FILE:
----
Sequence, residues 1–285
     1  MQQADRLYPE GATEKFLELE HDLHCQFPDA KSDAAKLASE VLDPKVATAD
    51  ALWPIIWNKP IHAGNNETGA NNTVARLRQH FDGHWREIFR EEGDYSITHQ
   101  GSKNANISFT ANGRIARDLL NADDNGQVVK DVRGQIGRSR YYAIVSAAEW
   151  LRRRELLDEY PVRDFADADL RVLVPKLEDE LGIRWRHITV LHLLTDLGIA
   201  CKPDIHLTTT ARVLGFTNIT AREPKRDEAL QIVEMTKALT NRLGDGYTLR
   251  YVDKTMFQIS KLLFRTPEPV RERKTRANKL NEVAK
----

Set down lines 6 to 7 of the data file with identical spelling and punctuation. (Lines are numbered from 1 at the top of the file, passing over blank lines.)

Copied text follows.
   201  CKPDIHLTTT ARVLGFTNIT AREPKRDEAL QIVEMTKALT NRLGDGYTLR
   251  YVDKTMFQIS KLLFRTPEPV RERKTRANKL NEVAK